Comment: Perhaps Not Entirely Out Of Context

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Perhaps Not Entirely Out Of Context

In reading verses 3 and 4 of Isaiah 66, it is clear that God does not delight in the mis treatment of animals, and that there are plenty of humans who do ("have chosen their own ways"). In this way it does show that God is more in line with the "vegetarian" frame of mind than every day sinners.

Also, let us not lose sight of the big picture here. In the original glory of the garden of edin, there was only vegetarianism. This was followed by the glory of God forfeited through sin, which was followed at the cross by the hope for a restored glory of God, which as clearly described in the Bible will ultimately restore the world to only vegetarianism.

"It is interesting to see who God selected to have join Him with His Son at the transfiguration of Christ (Matthew 17:1-3). Moses and Elijah were honored to join with the Father and the Son in that glorious event. Moses represented all those who will die and then be resurrected to everlasting life (Jude 9). Elijah represented all those who will be translated at the Second Coming without seeing death. Both Moses and Elijah ate a vegetarian diet in their later years. For both, a vegetarian diet was God’s prescribed diet while here on earth."

See "God’s End Time Vegetarian Diet: Bible Truth or Human Invention?"
- http://greatcontroversy.org/reportandreview/qua-romans14pt2.php

It is also worth noting the following from a Bible commentary: Isaiah 66:3. Killeth an ox. The Hebrew of this passage is very brief, and several interpretations are possible. There is no connective between the phrases; for example, the first unit reads, “the slaughterer of the ox the slayer of a man.” The connective supplied by the KJV, “as if,” and that supplied by the RSV, “like,” are based on the reading of the LXX and the Targums. Translated in this way the meaning would be that without the corresponding spiritual experience the offerer of an ox would be no more pleasing in the sight of God than a murderer. The other combination of phrases would express similar comparisons.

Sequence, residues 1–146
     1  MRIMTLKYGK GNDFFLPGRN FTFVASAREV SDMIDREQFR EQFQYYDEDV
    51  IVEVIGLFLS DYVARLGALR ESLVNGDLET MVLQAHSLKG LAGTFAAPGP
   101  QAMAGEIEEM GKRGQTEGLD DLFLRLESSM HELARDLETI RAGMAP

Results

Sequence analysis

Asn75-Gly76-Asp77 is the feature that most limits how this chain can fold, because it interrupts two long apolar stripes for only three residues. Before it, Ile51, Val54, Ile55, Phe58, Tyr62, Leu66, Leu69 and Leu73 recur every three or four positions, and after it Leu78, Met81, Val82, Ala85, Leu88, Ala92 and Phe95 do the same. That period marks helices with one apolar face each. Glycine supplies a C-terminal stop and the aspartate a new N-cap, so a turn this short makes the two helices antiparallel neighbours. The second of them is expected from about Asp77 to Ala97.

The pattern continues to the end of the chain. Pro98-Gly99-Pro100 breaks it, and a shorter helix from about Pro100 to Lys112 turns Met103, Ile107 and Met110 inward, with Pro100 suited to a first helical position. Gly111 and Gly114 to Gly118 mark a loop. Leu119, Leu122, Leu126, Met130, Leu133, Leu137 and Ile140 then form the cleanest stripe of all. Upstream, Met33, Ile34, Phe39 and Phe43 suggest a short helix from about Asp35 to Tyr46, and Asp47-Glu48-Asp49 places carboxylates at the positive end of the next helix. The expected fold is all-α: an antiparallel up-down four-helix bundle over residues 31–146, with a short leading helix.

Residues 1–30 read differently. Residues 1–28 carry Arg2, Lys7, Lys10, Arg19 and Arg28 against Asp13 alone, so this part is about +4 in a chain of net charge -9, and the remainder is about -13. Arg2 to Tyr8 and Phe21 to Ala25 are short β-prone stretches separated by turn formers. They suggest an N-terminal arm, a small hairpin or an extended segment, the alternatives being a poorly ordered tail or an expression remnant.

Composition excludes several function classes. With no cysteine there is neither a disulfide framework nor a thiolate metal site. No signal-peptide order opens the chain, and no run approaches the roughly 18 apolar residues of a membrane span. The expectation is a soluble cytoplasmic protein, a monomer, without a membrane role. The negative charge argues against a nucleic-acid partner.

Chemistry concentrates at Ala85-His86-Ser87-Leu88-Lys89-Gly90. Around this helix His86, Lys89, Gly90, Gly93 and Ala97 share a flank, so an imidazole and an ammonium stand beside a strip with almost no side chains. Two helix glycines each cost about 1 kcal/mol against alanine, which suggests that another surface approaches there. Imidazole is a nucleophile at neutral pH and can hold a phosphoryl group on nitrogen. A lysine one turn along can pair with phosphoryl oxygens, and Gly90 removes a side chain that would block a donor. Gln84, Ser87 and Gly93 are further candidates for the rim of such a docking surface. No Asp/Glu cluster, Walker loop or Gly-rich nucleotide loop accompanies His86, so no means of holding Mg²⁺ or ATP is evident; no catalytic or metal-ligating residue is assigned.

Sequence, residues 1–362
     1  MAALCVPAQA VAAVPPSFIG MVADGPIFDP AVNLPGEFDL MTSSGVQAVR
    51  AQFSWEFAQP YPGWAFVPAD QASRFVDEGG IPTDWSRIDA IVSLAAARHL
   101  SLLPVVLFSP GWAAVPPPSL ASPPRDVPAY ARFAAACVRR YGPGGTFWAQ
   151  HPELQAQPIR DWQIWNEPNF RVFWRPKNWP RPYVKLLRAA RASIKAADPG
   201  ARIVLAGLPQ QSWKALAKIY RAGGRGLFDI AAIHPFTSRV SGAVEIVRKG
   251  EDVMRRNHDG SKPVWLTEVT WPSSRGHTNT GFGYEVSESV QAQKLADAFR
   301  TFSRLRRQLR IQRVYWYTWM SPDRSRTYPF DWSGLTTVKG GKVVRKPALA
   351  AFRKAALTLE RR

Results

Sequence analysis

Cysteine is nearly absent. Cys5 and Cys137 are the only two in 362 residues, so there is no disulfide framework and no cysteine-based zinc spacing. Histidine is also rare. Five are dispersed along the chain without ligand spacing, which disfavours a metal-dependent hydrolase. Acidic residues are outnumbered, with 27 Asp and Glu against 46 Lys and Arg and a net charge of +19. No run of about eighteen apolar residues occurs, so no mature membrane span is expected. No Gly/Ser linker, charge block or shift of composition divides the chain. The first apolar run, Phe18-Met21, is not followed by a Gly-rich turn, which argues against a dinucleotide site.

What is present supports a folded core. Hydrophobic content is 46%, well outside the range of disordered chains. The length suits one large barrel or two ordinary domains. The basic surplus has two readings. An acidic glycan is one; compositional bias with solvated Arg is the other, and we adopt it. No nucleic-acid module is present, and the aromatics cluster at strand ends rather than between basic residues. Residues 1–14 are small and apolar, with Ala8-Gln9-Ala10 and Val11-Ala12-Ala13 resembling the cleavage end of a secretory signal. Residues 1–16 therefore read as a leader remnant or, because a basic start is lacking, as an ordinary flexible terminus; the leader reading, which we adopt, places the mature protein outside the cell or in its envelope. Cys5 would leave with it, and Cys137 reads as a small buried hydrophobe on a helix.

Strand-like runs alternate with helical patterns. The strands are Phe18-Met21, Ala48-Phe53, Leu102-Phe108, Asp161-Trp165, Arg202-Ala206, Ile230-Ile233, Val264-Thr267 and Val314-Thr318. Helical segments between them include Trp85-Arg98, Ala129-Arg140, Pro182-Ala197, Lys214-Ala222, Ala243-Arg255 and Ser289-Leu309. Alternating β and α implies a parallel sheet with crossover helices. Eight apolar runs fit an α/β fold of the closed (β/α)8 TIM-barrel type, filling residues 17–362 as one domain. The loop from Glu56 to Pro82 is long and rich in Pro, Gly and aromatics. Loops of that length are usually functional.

It is possible, however, to supply the connective “is” thus, “He that slaughtereth an ox is a murderer,” etc. This gives the meaning that those who came to worship God with oxen, lambs, oblations (cereal offerings), incense, were at the same time committing murder and engaging in idolatrous rites (see ch. 65:3–7).
Their own ways. The thought in this verse is related to that in the following verse. As these people have chosen their own wicked ways, God will “choose” punishments for them suitable to their iniquities.

Regarding Proverbs 23:20, applying "logic" to this verse seems to open the door to the possibility that it would seem preferable to dine with vegetarians than with glutenous omnivores.

Regarding your comment on "before the Fall", clearly back then people were living a more noble lifestyle. So I see no need to apologize for encouraging Christians in this way to consider vegetarianism as a higher standard. In fact in the link I provided above, you will likely find that God is calling on Christians to do so.

- AMAZING PHOTO delineating where UNRESTRAINED CAPITALISM has taken us: http://www.rense.com/general96/whatare.html
- "The greatness of a nation and its moral progress can be judged by the way its animals are treated."-- Mohandas Gandhi